3. I am sure Ministers are rightly very conscious of the imperative to avoid creating future victims and may also wish to avoid the political risk of appearing to be 'soft' on crime and at time when crime and punishment is the subject of adversarial political debate.
  4. In these circumstances I have the following additional suggestions about how the risks of wider reform of the IPP system might be reduced and become easier to manage at both an individual and system level.
  5. The Committee's report.  The Justice Committee has an admirable track-record of producing important reports and recommendations that have the unanimous support of members from all parties.  On this issue, I believe the report of the committee will have a vital role to play in obtaining cross party support for tackling a complex ethical and operational problem in a contested policy area and I hope that wise cross-party proposals may make it easier for the Justice Secretary to act on reform.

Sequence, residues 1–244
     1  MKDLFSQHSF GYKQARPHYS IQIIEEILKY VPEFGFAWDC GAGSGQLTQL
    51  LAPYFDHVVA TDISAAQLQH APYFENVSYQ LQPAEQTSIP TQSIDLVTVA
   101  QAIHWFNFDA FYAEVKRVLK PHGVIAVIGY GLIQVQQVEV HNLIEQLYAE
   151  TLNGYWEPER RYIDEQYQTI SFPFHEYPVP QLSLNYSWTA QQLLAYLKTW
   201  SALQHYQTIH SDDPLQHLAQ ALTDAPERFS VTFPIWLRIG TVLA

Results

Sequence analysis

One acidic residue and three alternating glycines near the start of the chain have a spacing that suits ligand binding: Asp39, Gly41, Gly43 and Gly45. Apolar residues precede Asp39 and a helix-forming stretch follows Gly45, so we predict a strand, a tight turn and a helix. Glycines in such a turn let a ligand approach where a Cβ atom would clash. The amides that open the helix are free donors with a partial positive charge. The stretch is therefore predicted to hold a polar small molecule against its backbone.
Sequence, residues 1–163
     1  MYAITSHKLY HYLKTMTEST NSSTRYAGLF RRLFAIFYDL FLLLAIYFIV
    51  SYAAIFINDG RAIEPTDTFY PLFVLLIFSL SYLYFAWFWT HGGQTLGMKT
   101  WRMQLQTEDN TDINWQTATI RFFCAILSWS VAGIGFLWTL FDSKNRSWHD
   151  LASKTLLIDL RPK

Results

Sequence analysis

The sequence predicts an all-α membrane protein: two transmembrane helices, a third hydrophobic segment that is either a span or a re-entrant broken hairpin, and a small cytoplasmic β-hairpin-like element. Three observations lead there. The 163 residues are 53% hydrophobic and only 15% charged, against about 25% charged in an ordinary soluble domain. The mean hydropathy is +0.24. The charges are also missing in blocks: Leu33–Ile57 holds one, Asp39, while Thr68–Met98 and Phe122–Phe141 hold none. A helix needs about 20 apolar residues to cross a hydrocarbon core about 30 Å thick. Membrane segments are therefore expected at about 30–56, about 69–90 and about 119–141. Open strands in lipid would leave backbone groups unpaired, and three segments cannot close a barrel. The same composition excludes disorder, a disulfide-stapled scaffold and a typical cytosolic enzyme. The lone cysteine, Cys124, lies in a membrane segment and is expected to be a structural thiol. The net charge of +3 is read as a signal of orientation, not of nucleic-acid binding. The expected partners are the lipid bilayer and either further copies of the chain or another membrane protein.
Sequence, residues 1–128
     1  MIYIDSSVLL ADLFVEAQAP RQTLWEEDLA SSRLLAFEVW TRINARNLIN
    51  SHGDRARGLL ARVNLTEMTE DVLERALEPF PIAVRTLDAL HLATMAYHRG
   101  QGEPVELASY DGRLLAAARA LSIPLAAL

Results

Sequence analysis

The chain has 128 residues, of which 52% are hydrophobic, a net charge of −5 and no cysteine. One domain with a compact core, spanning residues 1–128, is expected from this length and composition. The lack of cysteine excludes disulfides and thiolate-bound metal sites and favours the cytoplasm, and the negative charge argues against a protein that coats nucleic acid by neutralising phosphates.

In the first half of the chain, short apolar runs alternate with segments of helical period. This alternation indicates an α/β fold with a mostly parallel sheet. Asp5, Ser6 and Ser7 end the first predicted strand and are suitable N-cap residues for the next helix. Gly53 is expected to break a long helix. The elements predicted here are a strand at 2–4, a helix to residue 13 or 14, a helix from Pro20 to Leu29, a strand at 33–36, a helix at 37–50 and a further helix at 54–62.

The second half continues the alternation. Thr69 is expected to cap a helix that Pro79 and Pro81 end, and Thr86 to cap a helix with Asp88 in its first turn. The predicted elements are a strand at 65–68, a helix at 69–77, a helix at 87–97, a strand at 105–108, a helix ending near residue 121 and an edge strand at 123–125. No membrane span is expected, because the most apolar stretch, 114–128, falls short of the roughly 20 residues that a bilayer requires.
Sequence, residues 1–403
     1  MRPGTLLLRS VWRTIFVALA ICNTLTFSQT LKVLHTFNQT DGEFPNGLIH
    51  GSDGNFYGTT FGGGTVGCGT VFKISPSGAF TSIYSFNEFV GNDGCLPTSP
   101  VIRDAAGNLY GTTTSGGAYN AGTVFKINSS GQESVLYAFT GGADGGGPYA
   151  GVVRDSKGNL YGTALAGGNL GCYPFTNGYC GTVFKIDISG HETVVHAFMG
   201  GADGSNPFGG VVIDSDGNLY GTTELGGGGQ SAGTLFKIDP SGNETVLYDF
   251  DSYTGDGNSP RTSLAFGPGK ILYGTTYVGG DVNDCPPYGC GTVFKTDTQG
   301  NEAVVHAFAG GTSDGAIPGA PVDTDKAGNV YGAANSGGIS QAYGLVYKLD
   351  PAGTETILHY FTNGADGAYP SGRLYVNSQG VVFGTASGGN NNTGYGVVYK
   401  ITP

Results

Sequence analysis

6. Parole Board reform.  The results of the 'root and branch' reform of the Parole Board have not yet been published although media reports suggest that strengthening the independence of the Board might be one outcome. As authors such as Tom Guiney have described (see for example Guiney, T (2018) Getting Out: Early Release in England and Wales, 1960–1995. Oxford: Oxford University Press) there has been a long standing tension between Ministers' wish to control the early release of prisoners - and their desire to be distanced from it.  If it is the case that the next stage of parole reform gives the Board more independence, that might make it easier to progress IPP policy changes as a greater part of the responsibility for any outcomes would fall on an independent body rather than a political office holder.  For example, a Minister might find it easier to accept advice on compassionate releases from a body that was more clearly seen to have a judicial function and independence than the Board in its current form.